4th (Queen's Own) Hussars

When supporters of the Protestant nobleman James, Duke of Monmouth, rose in rebellion against the Roman Catholic King James II in June, 1685, parliament provided the king with a grant of £400,000 for the recruitment and training of troops.

Amongst the units raised were seventy troops of Horse (cavalry) and eleven troops of Dragoons (mounted infantry). The origins of the 4th (Queen's Own) Hussars lie with troops raised by the Hon. John Berkeley (1650-1712) of Wincanton (Royal Warrant of 27th July 1685) - a number of troops were raised in and around Somerset. Berkeley's Regiment of Dragoons was under the practical command of Lt. Col. Thomas Maxwell. Berkeley himself was, at that time, Master of Horse to James II's youngest daughter, Princess Anne, and the Regiment was immediately named the Princess Anne of Denmark's Regiment of Dragoons. (Anne was later to reign as Queen from 1707 to 1714.)

The Regiment's establishment in 1685 was six troops of 60 men, with 3 officers per troop. Training of both men and horses was intensive.

When the Prince of Orange arrived on the south coast of England to challenge James, Colonel Berkeley, a staunch Protestant, was promptly relieved of his command and Thomas Maxwell promoted Colonel. When it became apparent, however, that the majority of the king's soldiers, and especially the officers, would not support James, he fled to France, thereby avoiding the horror of another civil war.

The Prince of Orange (subsequently William III) restored Berkeley to the Colonelcy, removed Maxwell from command and appointed Lt. Col. Francis Hawley to command the Regiment. The name of the Regiment reverted to the normal practice of bearing the name of the patron/Colonel.

When the Scots rebelled in 1689 in support of the deposed king, the Regiment was sent north, where their baptism of fire occurred on 6th June beside the River Spey. A captain and six dragoons of the Regiment were killed. Thereafter, the Regiment was engaged in numerous skirmishes until the rebels were subdued in 1690.

1692 saw the Regiment join the army commanded by William III in Belgium, where their first major engagement was at Steenkirk. At this battle the men dismounted and fought as infantry, and during a bayonet charge the Commanding Officer, Lt. Col. Hawley, was killed. There followed an arduous campaign which included the Siege of Namur (1695). The Regiment returned to England in 1697 after the Treaty of Ryswick.

In 1707 the Regiment shipped to Portugal to join the War of the Spanish Succession (1701-14) and, almost immediately upon landing, they fought the Battle of Almanza. In this battle the Regiment charged French guns and was severely mauled by a French counter-charge. The allied army lost the battle with a very large number of men killed and wounded.

Severely depleted, in 1708 the remnants of the Regiment returned to England for a period of intensive recruiting.

On the death of the Regiment's Colonel, the Earl of Essex, in 1710, some controversy arose when the youthful Queen Anne insisted on appointing the husband of one her favorites at court as Colonel. The army's commander, the Duke of Marlborough, threatened to resign in protest. The Queen relented, and Lt. Gen. Sir Richard Temple was appointed Colonel.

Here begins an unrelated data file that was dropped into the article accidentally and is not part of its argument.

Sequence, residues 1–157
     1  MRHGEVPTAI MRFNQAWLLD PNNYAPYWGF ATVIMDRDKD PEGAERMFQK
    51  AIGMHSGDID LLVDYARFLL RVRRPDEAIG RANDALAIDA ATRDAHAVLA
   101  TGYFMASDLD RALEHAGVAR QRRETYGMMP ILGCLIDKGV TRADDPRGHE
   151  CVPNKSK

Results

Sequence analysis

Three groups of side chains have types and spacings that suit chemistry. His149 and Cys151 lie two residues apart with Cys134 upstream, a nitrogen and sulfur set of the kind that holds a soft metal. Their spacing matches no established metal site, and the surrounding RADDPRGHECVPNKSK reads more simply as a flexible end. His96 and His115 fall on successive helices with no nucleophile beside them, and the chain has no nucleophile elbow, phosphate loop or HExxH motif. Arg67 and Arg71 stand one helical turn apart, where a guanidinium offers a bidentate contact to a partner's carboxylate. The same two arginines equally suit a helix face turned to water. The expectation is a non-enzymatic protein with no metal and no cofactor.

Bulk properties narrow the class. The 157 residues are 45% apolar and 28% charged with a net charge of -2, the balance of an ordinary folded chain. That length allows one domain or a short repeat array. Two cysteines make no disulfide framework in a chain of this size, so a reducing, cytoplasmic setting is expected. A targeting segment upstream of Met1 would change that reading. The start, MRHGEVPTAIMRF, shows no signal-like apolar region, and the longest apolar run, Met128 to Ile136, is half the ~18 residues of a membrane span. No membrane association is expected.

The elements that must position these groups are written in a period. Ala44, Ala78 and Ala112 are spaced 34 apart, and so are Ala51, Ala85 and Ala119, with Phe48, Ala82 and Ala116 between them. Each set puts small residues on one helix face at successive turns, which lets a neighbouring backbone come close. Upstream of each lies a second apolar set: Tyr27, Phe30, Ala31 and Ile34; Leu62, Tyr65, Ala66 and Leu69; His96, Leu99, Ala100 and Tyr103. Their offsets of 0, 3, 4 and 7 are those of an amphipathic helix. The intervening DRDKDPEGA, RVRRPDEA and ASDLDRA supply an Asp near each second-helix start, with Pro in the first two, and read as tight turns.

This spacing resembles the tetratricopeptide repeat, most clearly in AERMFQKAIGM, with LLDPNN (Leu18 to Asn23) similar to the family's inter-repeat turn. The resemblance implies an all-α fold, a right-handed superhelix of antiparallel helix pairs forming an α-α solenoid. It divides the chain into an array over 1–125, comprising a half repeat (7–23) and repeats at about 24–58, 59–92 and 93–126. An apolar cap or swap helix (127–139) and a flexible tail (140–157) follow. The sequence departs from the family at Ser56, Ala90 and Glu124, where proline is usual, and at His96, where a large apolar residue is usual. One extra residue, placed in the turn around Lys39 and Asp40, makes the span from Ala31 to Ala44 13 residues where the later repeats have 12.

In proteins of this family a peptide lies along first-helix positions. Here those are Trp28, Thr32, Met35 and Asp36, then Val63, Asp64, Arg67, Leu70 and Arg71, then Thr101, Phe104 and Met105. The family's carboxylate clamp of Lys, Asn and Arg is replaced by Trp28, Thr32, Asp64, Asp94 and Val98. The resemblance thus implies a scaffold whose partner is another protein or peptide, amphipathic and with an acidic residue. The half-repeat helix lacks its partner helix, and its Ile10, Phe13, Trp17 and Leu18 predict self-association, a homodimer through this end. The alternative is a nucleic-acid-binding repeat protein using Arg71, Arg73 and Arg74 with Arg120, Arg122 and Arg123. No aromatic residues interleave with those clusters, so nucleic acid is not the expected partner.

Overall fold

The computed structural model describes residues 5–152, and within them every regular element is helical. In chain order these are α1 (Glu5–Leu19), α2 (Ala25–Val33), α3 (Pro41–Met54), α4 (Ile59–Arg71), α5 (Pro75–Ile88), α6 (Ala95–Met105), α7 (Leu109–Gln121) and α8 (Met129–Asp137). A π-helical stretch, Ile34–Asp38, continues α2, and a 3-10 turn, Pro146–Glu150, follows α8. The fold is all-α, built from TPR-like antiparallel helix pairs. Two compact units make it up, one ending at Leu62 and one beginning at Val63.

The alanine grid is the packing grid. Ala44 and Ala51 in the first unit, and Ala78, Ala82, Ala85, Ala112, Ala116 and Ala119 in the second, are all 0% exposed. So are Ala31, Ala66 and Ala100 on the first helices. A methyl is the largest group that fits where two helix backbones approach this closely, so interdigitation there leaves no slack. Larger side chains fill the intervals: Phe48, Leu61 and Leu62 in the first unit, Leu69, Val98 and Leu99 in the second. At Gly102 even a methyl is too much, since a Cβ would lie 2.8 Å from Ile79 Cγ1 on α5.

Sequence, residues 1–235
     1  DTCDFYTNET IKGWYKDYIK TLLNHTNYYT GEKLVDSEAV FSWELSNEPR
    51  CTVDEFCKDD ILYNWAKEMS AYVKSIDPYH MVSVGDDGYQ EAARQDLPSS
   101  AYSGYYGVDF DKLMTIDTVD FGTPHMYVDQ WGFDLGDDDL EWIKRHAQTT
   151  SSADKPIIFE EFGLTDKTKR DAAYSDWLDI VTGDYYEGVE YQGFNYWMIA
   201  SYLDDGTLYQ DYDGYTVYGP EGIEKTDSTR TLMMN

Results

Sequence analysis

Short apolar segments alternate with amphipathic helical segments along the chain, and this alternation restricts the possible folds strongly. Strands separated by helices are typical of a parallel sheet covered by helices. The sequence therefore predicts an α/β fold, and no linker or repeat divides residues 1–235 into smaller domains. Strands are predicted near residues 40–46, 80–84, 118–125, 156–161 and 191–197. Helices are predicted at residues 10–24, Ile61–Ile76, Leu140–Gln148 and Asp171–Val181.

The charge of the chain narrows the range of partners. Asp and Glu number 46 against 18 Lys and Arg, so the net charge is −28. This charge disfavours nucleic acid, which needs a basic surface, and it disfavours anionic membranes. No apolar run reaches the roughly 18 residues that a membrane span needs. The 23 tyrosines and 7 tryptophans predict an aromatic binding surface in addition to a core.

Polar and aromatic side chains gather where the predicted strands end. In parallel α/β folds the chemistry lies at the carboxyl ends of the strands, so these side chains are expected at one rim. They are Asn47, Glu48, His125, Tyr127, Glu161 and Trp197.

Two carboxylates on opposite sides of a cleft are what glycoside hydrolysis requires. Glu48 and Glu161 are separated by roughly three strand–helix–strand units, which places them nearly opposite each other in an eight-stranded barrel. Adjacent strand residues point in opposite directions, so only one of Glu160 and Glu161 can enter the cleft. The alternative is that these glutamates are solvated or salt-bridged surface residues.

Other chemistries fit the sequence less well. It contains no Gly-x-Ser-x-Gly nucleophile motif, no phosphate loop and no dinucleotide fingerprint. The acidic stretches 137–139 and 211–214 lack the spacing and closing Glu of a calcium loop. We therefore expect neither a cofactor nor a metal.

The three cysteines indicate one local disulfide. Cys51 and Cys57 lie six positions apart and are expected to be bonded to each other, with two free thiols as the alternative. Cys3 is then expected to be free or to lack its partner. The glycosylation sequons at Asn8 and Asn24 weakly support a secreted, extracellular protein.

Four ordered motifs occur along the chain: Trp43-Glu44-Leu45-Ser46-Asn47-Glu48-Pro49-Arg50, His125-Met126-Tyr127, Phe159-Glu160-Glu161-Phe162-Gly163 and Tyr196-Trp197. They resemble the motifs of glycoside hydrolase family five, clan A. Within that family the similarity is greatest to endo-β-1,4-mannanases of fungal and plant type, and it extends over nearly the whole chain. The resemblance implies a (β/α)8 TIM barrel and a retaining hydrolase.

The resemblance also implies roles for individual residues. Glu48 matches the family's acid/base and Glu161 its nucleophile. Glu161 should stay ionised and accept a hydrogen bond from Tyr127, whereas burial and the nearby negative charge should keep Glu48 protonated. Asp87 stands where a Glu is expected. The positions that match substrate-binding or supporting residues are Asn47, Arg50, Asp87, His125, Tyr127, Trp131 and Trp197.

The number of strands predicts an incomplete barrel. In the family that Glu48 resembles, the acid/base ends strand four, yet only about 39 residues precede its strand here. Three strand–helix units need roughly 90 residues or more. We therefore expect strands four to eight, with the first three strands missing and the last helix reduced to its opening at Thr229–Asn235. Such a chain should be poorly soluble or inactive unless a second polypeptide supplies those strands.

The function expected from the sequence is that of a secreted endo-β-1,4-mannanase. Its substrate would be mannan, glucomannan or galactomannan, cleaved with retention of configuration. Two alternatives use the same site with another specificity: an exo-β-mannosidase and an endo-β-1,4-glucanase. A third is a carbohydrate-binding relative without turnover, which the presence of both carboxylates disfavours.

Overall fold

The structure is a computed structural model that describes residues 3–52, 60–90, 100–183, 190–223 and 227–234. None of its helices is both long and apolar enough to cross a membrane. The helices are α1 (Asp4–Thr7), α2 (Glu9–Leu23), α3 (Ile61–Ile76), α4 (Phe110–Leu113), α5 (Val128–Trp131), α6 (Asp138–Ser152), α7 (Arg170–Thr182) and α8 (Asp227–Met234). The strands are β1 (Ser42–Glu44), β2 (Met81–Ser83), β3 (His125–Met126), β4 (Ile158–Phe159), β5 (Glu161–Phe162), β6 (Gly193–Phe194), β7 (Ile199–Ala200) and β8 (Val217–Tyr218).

In 1715, on the outbreak of the First Jacobite Rebellion, the Regiment, at that time Temple's Dragoons, was sent to Scotland where they fought the Battle of Sheriffmuir. Thereafter they were involved in numerous skirmishes throughout the winter until calm was restored in 1716.

The next thirty years saw the Regiment stationed in various parts of England, including coast watch duties in Kent.

At the start of the War of the Austrian Succession (1740-48), the Regiment shipped to Belgium to join the allied army commanded by George II. The first major engagement of the war was at Dettingen, where the Regiment lost 4 men and no less than 39 horses killed. Shortly thereafter, the Regiment, together with a small number of infantry, was surprised in an ambush near Melle and virtually destroyed, with only 39 dragoons surviving and 255 horses either killed or captured by the French.

The remnants of the Regiment, at that time known as Rich's Dragoons, once again returned to England to recruit and reform.

Having been brought back to strength, Rich's Dragoons returned to Belgium in February 1747. They fought the Battle of Lauffeld (sometimes "Val") where the British cavalry, under command of Gen. Sir John Ligonier, earned signal honours. On the cessation of hostilities in 1748, the Regiment returned to England in November.

The Regiment was to remain on home duties for the next sixty years. A Royal Warrant of 1751 specified the Regiment as the 4th Dragoons with scarlet jackets and green facings. Their tri-cornered hats sported a black cockade. Horse decoration was green.

In 1755, in common with other dragoon regiments, a "light troop" was added to the establishment. This additional troop was made up of 100 men who, after the coronation of George III in 1760 , provided a royal escort and performed ceremonial duties in London at the express request of the new king. In 1779, the light troop was detached to form the 19th Light Dragoons.

When the Gordon riots broke out in London in 1780, the Regiment was called to suppress the rioters with considerable bloodshed on both sides (285 rioters were killed).

In June 1788, George III conferred the title 4th The Queen's Own Regiment of Dragoons on the Regiment. Throughout the period of home duties, the Regiment was constantly on the move - for example, 1797 saw them stationed at Ipswich, 1798 Stamford, 1799 Nottingham and then Birmingham, 1800 Manchester, 1801 Newcastle and 1802 Canterbury. The establishment in 1803, at a time when Bonaparte was massing troops for an invasion of England, was 640 rank and file.